Director: Reinaldo Marcus Green
Stars: Will Smith, Aunjanue Ellis, Saniyya Sidney, Demi Singleton, Tony Goldwyn, Jon Bernthal
Released: 19th November 2021 (UK)
Richard Williams (Will Smith) is on a mission. Collecting stray tennis balls at country clubs and appealing to coaches to train his daughters, he arrives armed with homemade brochures and introductory videos. Laughed off and waved away, he departs still with a knowing smile. Richard’s daughters just so happen to be Venus and Serena Williams, and he is simply waiting for the world to catch up.
Directed by Reinaldo Marcus Green, and executive produced by Venus and Serena, King Richard is an intimate look behind the moulding of the Williams sisters. Going deeper than the Compton-to-the-tennis-court ‘Cinderella story’ many may think they are familiar with, the film instead delves into their father’s instrumental role in their legendary success. Both a heartfelt family drama and rousing biopic, this is a welcome return to form for Will Smith.
As the titular ‘King’, Richard rules the Williams household with a firm yet affectionate grip. Dealing in doctrines of discipline, planning and self-belief, he proudly declares himself to be in the ‘champion-raising business’. But as his daughters begin to dominate tennis at junior level and major coaches seek to impress their own distinguished training formula, Richard struggles to relinquish control. With punishing life experiences stemming from racial tension and familial strife, Richard has often found himself beaten down both physically and emotionally. It’s this pain that has formed an iron will to not only uplift his children, but ensure the world gives them the respect he himself could never command. Through Richard’s vulnerabilities, the film excels not only in portraying the immensely relatable notion of wanting to provide better lives for our children, but it strikes a nerve in giving insight into parenting Black children. With Richard desiring to insulate his daughters from a world that will hold them to a different set of rules and judgements – yet simultaneously get them ready to conquer it.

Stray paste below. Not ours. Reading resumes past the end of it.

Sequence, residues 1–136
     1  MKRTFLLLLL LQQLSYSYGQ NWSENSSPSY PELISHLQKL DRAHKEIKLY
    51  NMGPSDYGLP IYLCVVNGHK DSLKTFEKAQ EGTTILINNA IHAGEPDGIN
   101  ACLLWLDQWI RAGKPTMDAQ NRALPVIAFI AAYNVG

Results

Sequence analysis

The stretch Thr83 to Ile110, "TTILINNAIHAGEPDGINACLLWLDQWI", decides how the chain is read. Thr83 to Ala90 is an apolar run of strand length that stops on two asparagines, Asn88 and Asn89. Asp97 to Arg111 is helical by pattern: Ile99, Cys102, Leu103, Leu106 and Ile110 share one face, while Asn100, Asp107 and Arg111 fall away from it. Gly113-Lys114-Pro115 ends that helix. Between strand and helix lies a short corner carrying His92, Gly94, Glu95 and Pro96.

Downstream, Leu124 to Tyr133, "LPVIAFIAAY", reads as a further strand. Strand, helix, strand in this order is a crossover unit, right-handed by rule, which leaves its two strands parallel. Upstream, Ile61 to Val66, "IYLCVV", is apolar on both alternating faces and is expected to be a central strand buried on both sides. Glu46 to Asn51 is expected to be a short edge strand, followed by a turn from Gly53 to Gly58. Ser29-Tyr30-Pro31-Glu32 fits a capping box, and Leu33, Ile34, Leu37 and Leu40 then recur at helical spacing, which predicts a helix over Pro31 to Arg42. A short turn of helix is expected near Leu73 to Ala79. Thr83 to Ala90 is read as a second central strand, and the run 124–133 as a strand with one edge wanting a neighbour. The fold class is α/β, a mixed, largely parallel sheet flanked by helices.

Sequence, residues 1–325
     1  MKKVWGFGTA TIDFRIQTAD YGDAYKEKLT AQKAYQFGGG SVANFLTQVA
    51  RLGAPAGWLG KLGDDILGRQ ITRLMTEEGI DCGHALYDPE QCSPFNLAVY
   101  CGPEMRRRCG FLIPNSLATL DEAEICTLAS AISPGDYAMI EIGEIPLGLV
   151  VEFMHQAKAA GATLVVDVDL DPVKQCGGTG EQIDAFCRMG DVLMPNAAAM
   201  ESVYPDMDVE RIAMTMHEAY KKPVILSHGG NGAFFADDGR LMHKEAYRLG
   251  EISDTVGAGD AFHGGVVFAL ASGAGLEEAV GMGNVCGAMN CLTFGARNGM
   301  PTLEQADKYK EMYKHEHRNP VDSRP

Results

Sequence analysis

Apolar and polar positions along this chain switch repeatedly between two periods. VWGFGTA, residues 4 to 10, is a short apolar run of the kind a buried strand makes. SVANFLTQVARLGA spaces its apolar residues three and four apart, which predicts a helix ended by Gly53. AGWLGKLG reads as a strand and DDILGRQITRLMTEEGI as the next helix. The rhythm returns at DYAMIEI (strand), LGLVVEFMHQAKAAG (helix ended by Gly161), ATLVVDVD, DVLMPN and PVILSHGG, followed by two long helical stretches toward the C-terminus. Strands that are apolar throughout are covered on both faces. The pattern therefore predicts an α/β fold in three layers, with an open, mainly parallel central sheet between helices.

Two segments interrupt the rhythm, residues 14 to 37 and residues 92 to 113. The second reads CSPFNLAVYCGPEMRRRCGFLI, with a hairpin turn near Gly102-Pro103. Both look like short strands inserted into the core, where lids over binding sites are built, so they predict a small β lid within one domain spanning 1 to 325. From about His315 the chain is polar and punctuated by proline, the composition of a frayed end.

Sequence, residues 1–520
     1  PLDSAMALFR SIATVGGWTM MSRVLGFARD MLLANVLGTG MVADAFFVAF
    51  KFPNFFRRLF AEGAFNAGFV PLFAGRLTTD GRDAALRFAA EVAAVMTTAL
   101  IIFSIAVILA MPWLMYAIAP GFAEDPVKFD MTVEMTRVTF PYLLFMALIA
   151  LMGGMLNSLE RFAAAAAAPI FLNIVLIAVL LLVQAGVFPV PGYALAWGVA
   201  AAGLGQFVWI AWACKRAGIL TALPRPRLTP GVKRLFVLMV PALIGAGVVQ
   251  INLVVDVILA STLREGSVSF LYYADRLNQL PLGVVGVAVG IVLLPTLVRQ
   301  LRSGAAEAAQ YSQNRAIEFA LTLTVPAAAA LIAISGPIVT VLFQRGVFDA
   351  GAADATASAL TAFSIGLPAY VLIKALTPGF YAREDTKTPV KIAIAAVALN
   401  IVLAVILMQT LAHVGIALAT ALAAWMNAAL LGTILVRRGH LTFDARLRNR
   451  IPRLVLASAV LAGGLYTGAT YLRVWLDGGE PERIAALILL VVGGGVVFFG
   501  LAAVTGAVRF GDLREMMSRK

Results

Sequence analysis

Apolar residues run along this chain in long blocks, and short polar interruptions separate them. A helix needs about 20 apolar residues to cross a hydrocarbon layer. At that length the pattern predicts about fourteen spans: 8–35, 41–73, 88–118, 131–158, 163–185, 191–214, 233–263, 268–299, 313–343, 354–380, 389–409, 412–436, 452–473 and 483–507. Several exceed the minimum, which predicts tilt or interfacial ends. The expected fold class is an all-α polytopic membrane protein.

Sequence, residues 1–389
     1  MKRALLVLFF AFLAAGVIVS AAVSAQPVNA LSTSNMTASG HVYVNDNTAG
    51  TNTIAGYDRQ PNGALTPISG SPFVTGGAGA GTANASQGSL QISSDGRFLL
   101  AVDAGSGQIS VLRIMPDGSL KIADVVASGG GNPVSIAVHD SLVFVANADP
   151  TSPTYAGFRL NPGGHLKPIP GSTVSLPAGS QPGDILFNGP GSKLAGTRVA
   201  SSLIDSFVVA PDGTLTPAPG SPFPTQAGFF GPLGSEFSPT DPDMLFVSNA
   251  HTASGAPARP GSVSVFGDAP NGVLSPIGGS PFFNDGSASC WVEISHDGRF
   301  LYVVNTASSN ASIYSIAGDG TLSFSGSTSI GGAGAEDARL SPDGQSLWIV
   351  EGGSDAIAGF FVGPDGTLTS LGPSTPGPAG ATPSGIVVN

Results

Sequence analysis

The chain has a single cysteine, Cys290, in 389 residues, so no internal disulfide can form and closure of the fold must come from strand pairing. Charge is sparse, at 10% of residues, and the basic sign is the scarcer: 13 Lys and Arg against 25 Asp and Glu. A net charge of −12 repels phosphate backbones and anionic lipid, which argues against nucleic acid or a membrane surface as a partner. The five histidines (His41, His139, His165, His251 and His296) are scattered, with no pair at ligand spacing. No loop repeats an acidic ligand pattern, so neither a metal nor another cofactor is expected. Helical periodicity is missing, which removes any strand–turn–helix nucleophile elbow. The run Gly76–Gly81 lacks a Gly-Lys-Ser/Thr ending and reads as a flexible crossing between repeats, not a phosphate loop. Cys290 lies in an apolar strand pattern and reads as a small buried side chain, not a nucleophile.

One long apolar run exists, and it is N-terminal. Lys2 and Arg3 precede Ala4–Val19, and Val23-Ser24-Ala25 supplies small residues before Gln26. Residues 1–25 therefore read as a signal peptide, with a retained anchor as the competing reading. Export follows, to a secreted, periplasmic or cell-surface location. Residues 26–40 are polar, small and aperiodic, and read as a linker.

Will Smith is brilliantly cast, settling into a hybrid of disappearing into the role while being distinctly himself. Best exemplified as Richard battles coaches Paul Cohen (Tony Goldwyn) and Rick Macci (an always enjoyable Jon Bernthal) for supremacy. Unbothered by the opinions of others his blunt retorts are delivered in a manner that, although entirely serious, feel like the bold quips Smith is renowned for being uniquely able to pull off. With exceptional performances from Aunjanue Ellis as mother Brandi Williams, and both Saniyya Sidney and Demi Singleton as Venus and Serena; King Richard feels engaging and emotional from start to finish. A slick screenplay from Zack Baylin allows the audience to smirk and chuckle knowingly like time travellers who’ve bought early shares in Apple. We’ve seen the years of sporting dominance. We know Venus Williams won Wimbledon 5 times. We know Serena Williams has 23 grand slam titles and is often considered the greatest athlete ever. This hindsight enhances the viewing experience and creates a layer of amusement with each scene where the talent or impact of the sisters is undervalued. It allows us to have the wisdom Richard had all along.
A solid crowd pleaser that sticks to a traditional sports biopic formula but excels in all that entails, King Richard is a powerful ode to determination, that lets us know that these superstars didn’t succeed in spite of where they came from, but because of it.
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